And because birthday traditions -- especially where Annti is concerned -- are a sacred thing around here, let us now close with the traditional...


Sexy Birthday Lizard!

Please join me in wishing Joanna (oops! I outed her. Oh well, it's National Coming Out Day) a very happy natal anniversary.

Saturday, October 7, 2017

Saturday With S.Z.

[Re-posted with permission from Sheri's Facebook]

FB kindly scanned my brain and printed out my memories...

It is only now that I realize that these seemingly random photos are actually a story:


1. Young Tennessee Tuxedo the Cat fell under the spell of Young Zamphyr, Master of the regular flute, and was brainwashed into performing a special mission.


2. He reacted in shock and horror when he realized what he was being asked to do.


3. He was charged with bringing down the moon, which the cats know is really a ball of yarn, unless the government gave Zamphyr some shoes, and gave the cats some of that good canned food.


4. The government refused to negotiate with kid and cat terrorists, and so the earth was laid waste, and all the people had to live underground, leaving the empty cities to the cats, who liked to sun themselves on the ruins.


5. Tennessee said, "Now I am become Cat Death, Destroyer of Worlds." And he was pretty happy.

Friday, October 6, 2017

Zombie TV

I try to get out and walk four miles everyday. Not that I expect this will thwart the Angel of Death in her appointed rounds, but I'm hoping she finds it slightly more of a challenge to hit a moving target. Anyway, I keep encountering posters for this TV show on bus shelters -- evidently it's a reboot of the night time soap from the 1980s -- and they're everywhere. I see them so often, in fact, that they've begun speaking to me.







Tuesday, October 3, 2017

Don't Come Around Here No More

Tom Petty and the Heartbreakers may have been the first album I ever bought with its shrink-wrap still intact. Money was tight when I was a kid, so I usually rummaged in the cut-out bins for used LPs (the first record I ever bought was a scratchy old copy of The Ventures' Guitar Freakout that had lost its cardboard sleeve). But I was flush with birthday money and eager to shop in the front of the store for once, and while I don't recall exactly why I singled out Tom Petty for this honor, it was probably a combination of "American Girl" and his skinny frame and straw-colored shag, which reminded me fondly of every beach town bum I knew with a garage band. Or at least, Funky Winkerbean.

R.I.P., Tom. I'll always remember you from that triumphant shopping trip to Licorice Pizza, and for your eccentric performance in The Postman.

The Postman (1997)
Directed by Kevin Costner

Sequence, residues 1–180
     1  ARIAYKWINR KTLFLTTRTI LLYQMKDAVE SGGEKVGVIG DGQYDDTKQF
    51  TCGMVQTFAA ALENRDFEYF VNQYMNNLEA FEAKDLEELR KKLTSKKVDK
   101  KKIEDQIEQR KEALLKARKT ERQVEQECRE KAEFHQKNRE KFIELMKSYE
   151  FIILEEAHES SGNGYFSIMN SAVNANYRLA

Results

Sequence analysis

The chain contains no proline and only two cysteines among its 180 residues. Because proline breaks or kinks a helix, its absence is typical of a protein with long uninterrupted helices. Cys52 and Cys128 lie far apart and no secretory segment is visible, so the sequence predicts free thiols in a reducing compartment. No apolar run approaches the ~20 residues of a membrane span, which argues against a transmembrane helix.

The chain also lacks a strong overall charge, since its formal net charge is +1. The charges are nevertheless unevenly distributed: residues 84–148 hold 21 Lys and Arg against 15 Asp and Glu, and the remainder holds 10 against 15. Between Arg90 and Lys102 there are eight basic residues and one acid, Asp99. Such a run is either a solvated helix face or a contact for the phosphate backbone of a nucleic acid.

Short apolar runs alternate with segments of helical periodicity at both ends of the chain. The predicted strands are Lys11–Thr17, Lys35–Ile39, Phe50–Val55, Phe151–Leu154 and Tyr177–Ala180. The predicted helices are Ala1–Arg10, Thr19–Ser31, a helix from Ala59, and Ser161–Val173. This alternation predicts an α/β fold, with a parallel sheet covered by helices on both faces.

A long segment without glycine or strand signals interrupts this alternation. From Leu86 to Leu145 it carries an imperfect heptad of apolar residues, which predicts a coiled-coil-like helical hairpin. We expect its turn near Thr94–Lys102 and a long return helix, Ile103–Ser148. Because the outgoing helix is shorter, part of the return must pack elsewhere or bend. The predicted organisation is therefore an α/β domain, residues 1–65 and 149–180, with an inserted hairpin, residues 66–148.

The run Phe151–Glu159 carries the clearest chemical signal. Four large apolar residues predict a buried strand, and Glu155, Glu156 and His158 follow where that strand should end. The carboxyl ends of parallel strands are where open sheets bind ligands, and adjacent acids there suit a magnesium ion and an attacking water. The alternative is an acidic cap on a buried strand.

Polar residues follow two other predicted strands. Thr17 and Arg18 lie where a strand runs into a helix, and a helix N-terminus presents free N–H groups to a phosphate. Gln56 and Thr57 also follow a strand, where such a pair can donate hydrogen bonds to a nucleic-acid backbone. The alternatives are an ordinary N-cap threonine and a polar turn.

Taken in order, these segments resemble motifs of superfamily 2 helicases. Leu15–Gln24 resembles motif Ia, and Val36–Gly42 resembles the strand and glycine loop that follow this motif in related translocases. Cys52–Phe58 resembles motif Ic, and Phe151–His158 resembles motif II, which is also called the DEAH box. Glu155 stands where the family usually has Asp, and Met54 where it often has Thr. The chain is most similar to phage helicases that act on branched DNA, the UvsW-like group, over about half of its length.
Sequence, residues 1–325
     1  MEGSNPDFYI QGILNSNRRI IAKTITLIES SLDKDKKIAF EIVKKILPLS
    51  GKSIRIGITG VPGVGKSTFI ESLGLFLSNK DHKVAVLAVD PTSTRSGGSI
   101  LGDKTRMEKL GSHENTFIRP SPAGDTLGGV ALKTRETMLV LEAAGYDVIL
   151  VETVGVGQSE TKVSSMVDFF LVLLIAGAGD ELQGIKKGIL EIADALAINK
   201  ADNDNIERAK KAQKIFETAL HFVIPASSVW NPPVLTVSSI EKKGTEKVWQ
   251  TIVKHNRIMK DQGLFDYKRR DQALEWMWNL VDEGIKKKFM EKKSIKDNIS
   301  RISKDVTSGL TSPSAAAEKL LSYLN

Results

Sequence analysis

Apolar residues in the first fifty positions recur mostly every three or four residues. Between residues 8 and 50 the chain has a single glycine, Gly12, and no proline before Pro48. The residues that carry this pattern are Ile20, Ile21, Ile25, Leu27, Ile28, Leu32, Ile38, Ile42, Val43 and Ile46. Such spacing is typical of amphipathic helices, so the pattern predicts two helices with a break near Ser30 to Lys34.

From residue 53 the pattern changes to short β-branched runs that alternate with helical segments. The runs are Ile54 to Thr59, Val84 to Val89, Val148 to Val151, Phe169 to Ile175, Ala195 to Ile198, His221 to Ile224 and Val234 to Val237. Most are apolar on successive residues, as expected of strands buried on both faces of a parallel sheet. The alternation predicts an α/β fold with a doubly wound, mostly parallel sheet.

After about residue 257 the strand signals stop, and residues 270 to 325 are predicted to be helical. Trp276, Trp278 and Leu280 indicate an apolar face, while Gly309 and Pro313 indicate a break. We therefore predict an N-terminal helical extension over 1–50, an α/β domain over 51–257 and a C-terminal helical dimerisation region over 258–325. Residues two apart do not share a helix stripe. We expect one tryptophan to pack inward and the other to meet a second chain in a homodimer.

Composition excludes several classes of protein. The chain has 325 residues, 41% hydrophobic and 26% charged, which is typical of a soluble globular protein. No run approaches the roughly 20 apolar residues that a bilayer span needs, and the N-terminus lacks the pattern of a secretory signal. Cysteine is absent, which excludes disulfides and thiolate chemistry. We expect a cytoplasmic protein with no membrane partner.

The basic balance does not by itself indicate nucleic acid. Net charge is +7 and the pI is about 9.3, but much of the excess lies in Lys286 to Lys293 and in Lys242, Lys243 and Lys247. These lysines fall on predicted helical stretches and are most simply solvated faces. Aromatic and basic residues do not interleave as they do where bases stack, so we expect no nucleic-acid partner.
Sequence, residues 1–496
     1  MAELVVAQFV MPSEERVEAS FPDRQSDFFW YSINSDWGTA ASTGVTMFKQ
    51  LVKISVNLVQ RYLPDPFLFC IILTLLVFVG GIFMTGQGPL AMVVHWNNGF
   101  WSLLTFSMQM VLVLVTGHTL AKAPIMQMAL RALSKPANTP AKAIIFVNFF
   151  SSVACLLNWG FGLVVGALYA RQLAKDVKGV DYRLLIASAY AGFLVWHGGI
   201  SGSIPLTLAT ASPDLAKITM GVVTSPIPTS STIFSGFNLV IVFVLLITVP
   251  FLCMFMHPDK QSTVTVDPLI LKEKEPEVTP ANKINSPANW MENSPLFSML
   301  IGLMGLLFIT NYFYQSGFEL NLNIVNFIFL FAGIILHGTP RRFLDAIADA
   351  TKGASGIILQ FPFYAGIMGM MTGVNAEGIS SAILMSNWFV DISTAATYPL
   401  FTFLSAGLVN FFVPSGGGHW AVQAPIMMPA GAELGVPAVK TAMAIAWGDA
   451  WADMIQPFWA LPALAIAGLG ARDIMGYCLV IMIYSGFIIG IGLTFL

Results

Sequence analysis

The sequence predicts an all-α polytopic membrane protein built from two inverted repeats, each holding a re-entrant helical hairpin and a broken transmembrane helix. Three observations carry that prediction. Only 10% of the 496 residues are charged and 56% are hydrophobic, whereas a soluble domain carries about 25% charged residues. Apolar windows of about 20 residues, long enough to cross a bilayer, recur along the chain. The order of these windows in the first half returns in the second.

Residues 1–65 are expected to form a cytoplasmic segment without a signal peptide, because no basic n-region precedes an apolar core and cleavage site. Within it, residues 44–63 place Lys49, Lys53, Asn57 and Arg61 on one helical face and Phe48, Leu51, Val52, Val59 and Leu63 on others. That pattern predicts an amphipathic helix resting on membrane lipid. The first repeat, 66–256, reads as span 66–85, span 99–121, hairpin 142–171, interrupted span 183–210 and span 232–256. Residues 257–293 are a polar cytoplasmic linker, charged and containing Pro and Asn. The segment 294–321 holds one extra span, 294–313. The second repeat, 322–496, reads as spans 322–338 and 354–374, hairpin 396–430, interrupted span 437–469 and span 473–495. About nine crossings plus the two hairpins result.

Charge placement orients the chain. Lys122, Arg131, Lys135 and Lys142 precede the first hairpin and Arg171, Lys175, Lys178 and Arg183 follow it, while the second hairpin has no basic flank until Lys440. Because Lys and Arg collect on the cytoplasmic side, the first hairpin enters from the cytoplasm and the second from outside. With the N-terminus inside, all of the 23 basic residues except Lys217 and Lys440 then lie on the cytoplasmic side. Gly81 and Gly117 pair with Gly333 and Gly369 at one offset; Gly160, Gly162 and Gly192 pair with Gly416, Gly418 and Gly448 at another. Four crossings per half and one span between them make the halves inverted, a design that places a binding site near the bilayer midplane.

Written by Eric Roth, based on the novel by David Brin.


Tagline: “The year is 2013. One man walked in off the horizon and hope came with him.”

Yes, the movie takes place in 2013, and if you start watching it now you just might be done by then. It may not be the best movie ever made about a nameless drifter who restores hope to a post-apocalyptic world by pretending to be a mail- man, but it’s certainly the longest.

We soon learn that there was a big catastrophe about 15 years previously (which would have been right about when this movie came out—not that we’re implying anything). This disaster brought plagues and pretentiousness in its wake, and led to the collapse of the United States Postal Service.

In this desperate and desolate future, our mythic hero, Kevin Costner, and his mule Bill go from town to town, performing one-man-and-a-mule versions of Macbeth in order to get free soup. The three branches of the federal government are gone, but somehow the NEA is still managing to fund highly offensive art.

Following one such performance, the town is invaded by the Hardasses, a White Supremacist militia led by General Bethlehem (Will Patton), a former Xerox® salesman who went over to the dark side (Cannon). The Hardasses, a group apparently based on the Amway plan, terrorize the Pacific Northwest with their post-apocalyptic protection racket. The wimpy people of the future don’t dare fight back, for they lack regular mail delivery.

Kevin and Bill are forcibly enlisted and taken to Hardass Headquarters, where Kevin is made to play “musical chairs” and exchange shower gifts with the other recruits, and Bill is pureed and served for lunch. As part of freshman orientation, Bethlehem explains “The Law of Eight,” which has something to do with Dick Van Patten, then he forces Kevin to recite some Shakespeare for the group, which is so moved by his performance they immediately send him on a suicide mission.

Kevin escapes, and eventually takes shelter in an old mail van. Mindful of how badly he was upstaged by the mule, Kevin spends the next five minutes acting with a human skeleton, and barely manages to steal the scene. He also steals the skeleton’s uniform, hat, and sack of mail, and heads out to live the dream of every boy since time immemorial—impersonating a postal carrier.